Surface proteome of "Mycobacterium avium subsp. hominissuis" during the early stages of macrophage infection.

TitleSurface proteome of "Mycobacterium avium subsp. hominissuis" during the early stages of macrophage infection.
Publication TypeJournal Article
Year of Publication2012
AuthorsMcNamara M, Tzeng S-C, Maier C, Zhang L, Bermudez LE
JournalInfection and immunity
Volume80
Issue5
Pagination1868-80
Date Published2012 May
ISSN1098-5522
KeywordsAnimals, Antigens, Bacterial, Bacterial Outer Membrane Proteins, Biotinylation, Gene Expression Profiling, Gene Expression Regulation, Bacterial, Macrophages, Mice, Mycobacterium avium, Proteome
Abstract

"Mycobacterium avium subsp. hominissuis" is a robust and pervasive environmental bacterium that can cause opportunistic infections in humans. The bacterium overcomes the host immune response and is capable of surviving and replicating within host macrophages. Little is known about the bacterial mechanisms that facilitate these processes, but it can be expected that surface-exposed proteins play an important role. In this study, the selective biotinylation of surface-exposed proteins, streptavidin affinity purification, and shotgun mass spectrometry were used to characterize the surface-exposed proteome of M. avium subsp. hominissuis. This analysis detected more than 100 proteins exposed at the bacterial surface of M. avium subsp. hominissuis. Comparisons of surface-exposed proteins between conditions simulating early infection identified several groups of proteins whose presence on the bacterial surface was either constitutive or appeared to be unique to specific culture conditions. This proteomic profile facilitates an improved understanding of M. avium subsp. hominissuis and how it establishes infection. Additionally, surface-exposed proteins are excellent targets for the host adaptive immune system, and their identification can inform the development of novel treatments, diagnostic tools, and vaccines for mycobacterial disease.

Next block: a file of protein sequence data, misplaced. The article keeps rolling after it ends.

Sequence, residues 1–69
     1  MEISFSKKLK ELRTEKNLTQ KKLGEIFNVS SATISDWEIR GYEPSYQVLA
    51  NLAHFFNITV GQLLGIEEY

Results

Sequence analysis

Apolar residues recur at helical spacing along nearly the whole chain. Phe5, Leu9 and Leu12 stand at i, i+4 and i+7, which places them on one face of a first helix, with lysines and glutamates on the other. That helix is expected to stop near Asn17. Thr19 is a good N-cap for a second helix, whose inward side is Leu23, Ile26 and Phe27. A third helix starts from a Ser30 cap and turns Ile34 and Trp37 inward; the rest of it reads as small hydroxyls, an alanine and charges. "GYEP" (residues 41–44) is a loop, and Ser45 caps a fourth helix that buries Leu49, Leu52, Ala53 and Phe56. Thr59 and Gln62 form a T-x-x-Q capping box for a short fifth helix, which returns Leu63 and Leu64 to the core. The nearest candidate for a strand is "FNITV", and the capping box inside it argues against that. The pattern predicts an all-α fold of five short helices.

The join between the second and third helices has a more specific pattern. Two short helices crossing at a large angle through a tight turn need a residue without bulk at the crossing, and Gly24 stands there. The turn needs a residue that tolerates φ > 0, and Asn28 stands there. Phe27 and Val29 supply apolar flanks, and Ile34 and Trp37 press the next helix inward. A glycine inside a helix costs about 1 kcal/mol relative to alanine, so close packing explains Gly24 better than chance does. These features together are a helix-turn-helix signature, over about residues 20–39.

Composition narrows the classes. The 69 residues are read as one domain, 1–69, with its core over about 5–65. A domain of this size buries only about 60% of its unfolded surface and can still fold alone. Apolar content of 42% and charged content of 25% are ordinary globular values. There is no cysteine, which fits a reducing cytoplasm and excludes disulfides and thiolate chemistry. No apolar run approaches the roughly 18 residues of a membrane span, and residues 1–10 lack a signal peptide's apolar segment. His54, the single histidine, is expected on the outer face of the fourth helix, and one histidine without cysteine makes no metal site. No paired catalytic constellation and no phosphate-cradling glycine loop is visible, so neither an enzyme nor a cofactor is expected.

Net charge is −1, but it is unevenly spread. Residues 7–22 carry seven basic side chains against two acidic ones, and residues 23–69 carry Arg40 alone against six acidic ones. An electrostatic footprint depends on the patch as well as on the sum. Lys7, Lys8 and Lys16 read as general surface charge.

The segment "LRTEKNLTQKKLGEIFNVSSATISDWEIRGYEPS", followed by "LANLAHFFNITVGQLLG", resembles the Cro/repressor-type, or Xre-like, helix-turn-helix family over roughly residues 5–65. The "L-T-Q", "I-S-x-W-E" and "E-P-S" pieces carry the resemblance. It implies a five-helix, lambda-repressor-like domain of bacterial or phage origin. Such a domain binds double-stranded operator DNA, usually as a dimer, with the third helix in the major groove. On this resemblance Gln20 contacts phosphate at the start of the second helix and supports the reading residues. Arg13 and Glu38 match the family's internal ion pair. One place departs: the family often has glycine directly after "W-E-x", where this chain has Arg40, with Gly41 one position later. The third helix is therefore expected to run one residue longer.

Alternate JournalInfect. Immun.